In exchange, the group has provided assurances it would stick to peace talks with Kabul officials and that Afghanistan would not be allowed to host militant groups such as Al-Qaeda or the Islamic State' Khorasan branch (ISIS-K). It was the Taliban's partnership with Al-Qaeda during 9/11 that served as the basis for the U.S.-led intervention there in 2001.

Nearly two decades later, some saw indications of Trump lightening the U.S. military footprint there as a step toward ending the United States' longest war, and for avoiding dangerous escalations with Iran and its allied militias in Iraq.

A senior State Department official told reporters on Thursday that Secretary of State Mike Pompeo discussed with his French counterpart "Iraq and the security challenges there, which are directly attributable, of course, to Iran, the Quds Force and our views on that."

News of Trump's potential troop drawdown comes shortly after The New York Times reported that the president was studying options in striking Iran's Natanz nuclear facility, which has seen an uptick in activity since the U.S. abandoned a 2015 nuclear agreement two and a half years ago.

Some would prefer focusing on ending two ongoing wars rather than riling up new ones.

"It is absolutely the right thing to do and is grounded on clear fundamental military realities, and is going to help the country," Daniel L. Davis, a retired Army lieutenant colonel who serves as a senior fellow and military expert for the Defense Priorities think tank, told Newsweek during a press call.

Davis, who served four tours of duty, two in Afghanistan and two in Iraq, saw the drawdown as a positive measure, regardless of whether it was based on U.S. domestic politics or foreign policy. His complaint was that it did not go far enough.

He argued that the U.S. could do far more with remote capabilities than with a reduced force whose presence he saw as unnecessarily costly and risky.

Davis cited the raids that resulted in the deaths of Al-Qaeda chief Osama bin Laden in Pakistan in 2011 and against ISIS leader Abu Bakr al-Baghdadi last year in Syria as examples of the U.S. military conducting specialized operations without a need for a lasting presence on the ground.

"If we recognize that those small numbers of troops don't prevent anything now, then you can see why withdrawing them all does not raise our risk of anything," Davis said. "But it makes us more secure, because now we're not constantly sending our troops into areas where they're not needed."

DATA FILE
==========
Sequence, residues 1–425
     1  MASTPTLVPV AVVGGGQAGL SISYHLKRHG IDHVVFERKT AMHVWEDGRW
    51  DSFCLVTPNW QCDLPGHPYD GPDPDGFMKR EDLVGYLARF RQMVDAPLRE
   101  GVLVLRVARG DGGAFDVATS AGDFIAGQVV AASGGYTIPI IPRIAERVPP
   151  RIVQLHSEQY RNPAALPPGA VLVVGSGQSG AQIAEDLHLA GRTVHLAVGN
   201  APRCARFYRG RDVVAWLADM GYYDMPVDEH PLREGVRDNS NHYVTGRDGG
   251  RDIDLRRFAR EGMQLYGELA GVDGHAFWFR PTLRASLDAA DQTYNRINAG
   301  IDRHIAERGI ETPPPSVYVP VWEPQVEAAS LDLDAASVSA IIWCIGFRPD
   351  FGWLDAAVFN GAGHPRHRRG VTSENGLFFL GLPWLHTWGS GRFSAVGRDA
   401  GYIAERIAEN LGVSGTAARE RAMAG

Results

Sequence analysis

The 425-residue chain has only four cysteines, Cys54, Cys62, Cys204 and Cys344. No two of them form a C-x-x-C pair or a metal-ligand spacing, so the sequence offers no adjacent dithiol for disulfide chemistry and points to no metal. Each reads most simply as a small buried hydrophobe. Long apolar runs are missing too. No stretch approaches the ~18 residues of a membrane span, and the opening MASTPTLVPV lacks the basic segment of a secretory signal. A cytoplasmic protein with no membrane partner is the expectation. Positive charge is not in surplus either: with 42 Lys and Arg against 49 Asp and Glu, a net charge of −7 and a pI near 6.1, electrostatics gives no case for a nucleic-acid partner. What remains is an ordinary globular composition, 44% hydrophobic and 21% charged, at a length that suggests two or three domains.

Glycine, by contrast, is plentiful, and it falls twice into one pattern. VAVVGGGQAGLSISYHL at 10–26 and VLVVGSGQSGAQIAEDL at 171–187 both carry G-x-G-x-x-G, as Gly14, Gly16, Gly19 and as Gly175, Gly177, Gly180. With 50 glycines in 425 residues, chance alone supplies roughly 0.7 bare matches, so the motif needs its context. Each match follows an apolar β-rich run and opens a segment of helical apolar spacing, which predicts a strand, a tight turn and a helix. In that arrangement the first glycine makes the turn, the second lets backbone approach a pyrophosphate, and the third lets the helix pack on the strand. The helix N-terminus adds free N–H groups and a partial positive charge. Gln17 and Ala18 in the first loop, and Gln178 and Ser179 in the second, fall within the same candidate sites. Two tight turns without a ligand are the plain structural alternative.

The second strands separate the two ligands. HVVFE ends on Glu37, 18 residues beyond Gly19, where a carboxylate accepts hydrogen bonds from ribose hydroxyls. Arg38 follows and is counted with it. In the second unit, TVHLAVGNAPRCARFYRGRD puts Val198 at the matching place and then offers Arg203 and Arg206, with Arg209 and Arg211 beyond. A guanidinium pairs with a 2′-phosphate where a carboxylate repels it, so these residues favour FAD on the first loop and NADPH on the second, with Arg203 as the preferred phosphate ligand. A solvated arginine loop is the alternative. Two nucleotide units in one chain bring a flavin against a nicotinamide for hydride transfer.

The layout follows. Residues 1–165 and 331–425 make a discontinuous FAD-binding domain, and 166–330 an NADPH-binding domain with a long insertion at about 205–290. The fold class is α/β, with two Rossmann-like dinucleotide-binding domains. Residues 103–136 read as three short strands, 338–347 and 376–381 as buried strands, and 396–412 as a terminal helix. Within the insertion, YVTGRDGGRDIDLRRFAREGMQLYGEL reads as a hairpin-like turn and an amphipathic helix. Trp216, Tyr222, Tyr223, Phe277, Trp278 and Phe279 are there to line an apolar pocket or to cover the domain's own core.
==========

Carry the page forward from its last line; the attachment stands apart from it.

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In this picture taken on November 15, Afghan National Army (ANA) soldiers take part in a military exercise at a base in Guzara, Herat province. Afghan security personnel continue to train to defend against Taliban and ISIS-K. HOSHANG HASHIMI/AFP/Getty Images

Gil Barndollar, also a senior fellow and military expert at Defense Priorities, and a military fellow-in-residence at the Center for the Study of Statesmanship, also hoped for a total withdrawal, which he said the president had the authority and capability to conduct.

"In the waning days of the Trump administration, he's in his lame duck period," Barndollar said. "Joe Biden's going to be president in a couple of months. He [Trump] certainly has the ability to do this."

Although Trump can, Barndollar is not sure he will.

"'End the endless wars' became really an applause line and a political line," he said. "But there's been far too little substance to that, despite the president's promises."

Both Barndollar, who deployed twice to Afghanistan as an infantry officer of the U.S. Marine Corps and led Fleet Antiterrorism Security Team (FAST) platoons in Guantanamo Bay and the Persian Gulf, and his colleague, Defense Priorities Policy Director Benjamin H. Friedman, felt the move would not significantly bind Biden's hands, since as president he would have the full power to reverse the move should he decide to do so.

But they point out Biden, like Trump, has pledged an "end to endless wars," especially in Afghanistan, and Trump's latest drawdown could end up actually being politically useful to the incoming administration.

"The fact is the war in Afghanistan is wildly unpopular, and the Biden campaign is on the record saying they're going to end it," Friedman said during Monday's press call. "So if you know your opponent made it a little easier for you to go forward with that belief, some people, I think, in the Biden administration, they would say 'thank you.'"